Apple's new iPhones, the iPhone 8, iPhone 8 Plus and iPhone X (pronounced iPhone Ten) have been announced along with a new Apple TV that can do 4K content and a new Apple Watch with integrated cellular comms. What's all this mean for the enterprise? I take a look at some of the features that the new devices and updated operating systems bring.
Time to update security policies and procedures
The shift away from Touch ID in the iPhone X is one of the main changes. Assuming your security policy includes procedures for ensuring devices automatically lock and are passcode locked, you'll potentially need to test and then write appropriate policies to support facial recognition.
As well as being an IT security issue, you might need to bring the finance team up to speed if your corporate credit cards support Apple Pay.
Also, a new feature, that forces the use of a passcode by pressing the power button five times, has been added. Presumably, this is to thwart US laws that make it unlawful to force someone to reveal a password but OK to unlock a device using a biometric measure.
Your security awareness training for users that travel frequently should include that new feature.
New opportunities for app developers
The new Super Retina display offers more screen real estate than any previous iPhone and that means mobile enterprise apps can take advantage of the ability to display more data, more clearly than before.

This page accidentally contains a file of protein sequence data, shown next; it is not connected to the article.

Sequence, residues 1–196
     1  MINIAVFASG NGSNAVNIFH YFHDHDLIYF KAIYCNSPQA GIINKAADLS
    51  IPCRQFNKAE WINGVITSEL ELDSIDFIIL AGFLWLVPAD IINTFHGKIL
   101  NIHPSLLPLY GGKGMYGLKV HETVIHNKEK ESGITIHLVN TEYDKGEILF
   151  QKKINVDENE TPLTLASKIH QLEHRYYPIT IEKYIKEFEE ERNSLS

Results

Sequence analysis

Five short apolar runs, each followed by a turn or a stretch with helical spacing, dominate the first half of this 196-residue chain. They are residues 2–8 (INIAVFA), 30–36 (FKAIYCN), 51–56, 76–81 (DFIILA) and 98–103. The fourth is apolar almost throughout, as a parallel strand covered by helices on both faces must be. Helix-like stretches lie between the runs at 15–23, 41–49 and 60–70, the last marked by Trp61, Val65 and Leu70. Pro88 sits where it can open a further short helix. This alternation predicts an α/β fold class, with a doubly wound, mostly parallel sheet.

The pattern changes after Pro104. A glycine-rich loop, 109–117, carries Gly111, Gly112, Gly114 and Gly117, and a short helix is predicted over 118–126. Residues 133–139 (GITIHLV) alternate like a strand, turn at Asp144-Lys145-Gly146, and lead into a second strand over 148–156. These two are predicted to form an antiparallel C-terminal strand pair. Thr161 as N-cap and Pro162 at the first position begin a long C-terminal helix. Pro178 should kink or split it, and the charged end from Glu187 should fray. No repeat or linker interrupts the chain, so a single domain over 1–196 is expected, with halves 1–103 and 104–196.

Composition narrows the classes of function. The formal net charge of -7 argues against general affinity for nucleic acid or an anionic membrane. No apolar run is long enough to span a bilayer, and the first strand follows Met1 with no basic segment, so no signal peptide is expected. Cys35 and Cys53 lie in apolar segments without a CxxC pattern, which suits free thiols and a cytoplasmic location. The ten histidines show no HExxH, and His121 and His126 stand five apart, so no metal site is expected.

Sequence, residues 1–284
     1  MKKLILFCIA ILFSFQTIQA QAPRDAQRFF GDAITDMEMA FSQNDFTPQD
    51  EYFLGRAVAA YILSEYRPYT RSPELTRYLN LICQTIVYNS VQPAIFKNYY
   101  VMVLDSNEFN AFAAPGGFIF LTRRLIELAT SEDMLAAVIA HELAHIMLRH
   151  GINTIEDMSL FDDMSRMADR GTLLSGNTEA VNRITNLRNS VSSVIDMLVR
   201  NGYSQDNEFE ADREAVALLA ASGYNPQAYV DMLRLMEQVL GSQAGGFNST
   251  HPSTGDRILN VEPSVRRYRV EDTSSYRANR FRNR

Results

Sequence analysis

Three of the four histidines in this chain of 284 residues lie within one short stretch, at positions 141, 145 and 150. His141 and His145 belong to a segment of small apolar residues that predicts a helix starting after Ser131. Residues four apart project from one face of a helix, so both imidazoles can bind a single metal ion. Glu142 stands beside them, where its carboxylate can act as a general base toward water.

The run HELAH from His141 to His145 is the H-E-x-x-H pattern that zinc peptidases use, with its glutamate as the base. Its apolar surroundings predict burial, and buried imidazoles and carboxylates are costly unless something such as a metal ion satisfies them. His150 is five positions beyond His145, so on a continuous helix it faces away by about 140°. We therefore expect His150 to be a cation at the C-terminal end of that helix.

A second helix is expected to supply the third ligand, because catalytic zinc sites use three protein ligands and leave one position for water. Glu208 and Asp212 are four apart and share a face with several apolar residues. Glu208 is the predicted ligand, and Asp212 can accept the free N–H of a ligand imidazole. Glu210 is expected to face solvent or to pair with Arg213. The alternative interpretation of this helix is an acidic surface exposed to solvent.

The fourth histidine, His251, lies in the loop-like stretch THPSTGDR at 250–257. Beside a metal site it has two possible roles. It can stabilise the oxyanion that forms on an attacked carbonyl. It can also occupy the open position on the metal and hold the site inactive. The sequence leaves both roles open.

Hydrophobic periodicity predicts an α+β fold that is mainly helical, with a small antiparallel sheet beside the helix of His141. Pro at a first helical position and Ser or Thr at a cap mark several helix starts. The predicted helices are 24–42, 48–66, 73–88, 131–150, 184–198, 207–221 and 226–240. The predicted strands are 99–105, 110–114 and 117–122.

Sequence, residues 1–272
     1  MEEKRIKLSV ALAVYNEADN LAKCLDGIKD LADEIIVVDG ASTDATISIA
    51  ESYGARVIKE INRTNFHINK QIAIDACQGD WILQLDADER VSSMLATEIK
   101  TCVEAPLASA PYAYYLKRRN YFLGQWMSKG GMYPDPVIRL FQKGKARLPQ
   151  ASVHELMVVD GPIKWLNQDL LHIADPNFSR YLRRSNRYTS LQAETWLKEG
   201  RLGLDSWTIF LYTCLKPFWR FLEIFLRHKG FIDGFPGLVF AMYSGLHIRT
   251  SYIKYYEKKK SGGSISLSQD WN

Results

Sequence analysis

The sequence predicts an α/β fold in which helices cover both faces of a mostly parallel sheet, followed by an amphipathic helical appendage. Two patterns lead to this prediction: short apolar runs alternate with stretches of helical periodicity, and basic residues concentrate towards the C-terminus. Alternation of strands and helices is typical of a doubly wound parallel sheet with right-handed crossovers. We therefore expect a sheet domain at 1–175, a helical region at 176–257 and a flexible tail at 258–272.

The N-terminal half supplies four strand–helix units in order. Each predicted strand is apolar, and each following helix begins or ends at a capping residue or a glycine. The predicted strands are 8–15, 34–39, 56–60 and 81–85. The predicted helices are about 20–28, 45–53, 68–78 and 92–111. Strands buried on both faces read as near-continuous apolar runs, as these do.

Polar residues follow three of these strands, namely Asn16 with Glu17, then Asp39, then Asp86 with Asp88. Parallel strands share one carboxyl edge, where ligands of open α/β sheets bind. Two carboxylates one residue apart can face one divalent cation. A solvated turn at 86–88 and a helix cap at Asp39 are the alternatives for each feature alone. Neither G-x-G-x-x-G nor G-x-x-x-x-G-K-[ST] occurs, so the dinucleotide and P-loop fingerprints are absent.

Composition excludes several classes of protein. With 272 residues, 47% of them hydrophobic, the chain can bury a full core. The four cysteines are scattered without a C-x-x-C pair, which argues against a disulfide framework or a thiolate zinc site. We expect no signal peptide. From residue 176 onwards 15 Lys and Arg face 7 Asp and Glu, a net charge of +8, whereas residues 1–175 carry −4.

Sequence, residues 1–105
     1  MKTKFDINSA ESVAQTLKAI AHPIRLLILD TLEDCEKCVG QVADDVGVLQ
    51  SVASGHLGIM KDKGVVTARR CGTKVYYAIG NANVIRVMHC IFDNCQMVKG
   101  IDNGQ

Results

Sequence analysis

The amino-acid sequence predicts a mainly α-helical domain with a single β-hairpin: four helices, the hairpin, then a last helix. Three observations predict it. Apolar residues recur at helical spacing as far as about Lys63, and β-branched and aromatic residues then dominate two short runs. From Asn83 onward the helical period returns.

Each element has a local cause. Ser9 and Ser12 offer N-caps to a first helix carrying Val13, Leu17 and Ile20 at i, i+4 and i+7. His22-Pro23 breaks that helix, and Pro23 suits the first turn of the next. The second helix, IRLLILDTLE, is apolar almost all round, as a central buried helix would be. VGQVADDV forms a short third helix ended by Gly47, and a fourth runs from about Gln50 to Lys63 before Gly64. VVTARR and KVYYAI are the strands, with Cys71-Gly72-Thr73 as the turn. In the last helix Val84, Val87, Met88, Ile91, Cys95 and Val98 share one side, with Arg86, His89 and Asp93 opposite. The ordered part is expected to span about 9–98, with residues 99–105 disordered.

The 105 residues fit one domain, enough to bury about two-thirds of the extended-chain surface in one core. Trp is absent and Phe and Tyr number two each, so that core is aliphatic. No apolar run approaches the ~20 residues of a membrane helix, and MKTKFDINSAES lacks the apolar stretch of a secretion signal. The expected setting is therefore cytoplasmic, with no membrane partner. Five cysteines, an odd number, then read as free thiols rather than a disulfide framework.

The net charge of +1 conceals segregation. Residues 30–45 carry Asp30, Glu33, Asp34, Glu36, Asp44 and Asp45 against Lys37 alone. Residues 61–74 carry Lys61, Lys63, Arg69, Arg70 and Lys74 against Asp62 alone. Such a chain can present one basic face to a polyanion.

A lot has already been said about Apple's efforts to bring augmented reality to the iPhone. The ARKit framework means developers can look for new ways to integrate data into the real world. Developers can start looking at new ways to use the updated hardware in the new phones - Apple has improved the gyroscopes, cameras and other useful components for AR - and create new applications that bridge the gap between data trapped in databases, manuals and other sources with what';s happening in the real world.
The larger display on the iPhone X is also able to display content at far greater clarity allowing for more detailed integration between data and real world objects.
Maybe some folks will not need a phone
I'm yet to try watchOS 4, but if Apple gets the software right - and, so far, watchOS has been a moving feast of messy UI elements and challenging OS navigation - then it's possible some people will not need an iPhone at all.
Adding cellular comms to the Apple Watch seems like a look into a future where people no longer carry a smartphone and rely on a wearable device for communication and collaboration.
For enterprises, you'll want to look at what your carrier is doing with regards to second SIM plans as this morning's keynote indicated carriers will be able to issue a second SIM card that will work with one number. In other words, the Apple Watch and iPhone will both ring when someone calls you.
Is the Apple TV 4K a boardroom trojan horse?
With the Apple TV getting 4K capability, I was hoping it would also get a camera interface so it could be used with collaboration apps such as Skype, FaceTime and others.
I know of a few boardrooms that have Apple TVs set up to make presentations easier and to share video and other content but they end up having to cobble together something else for video-conferncing and remote collaboration.
With Apple seeming to be keen on building enterprise credibility through partnerships with Accenture, IBM and others, it would give them a significant boost if their brand was already part of the boardroom.
Companies would be interested, I think, given the new Apple TV costs just $250 for the 32GB version.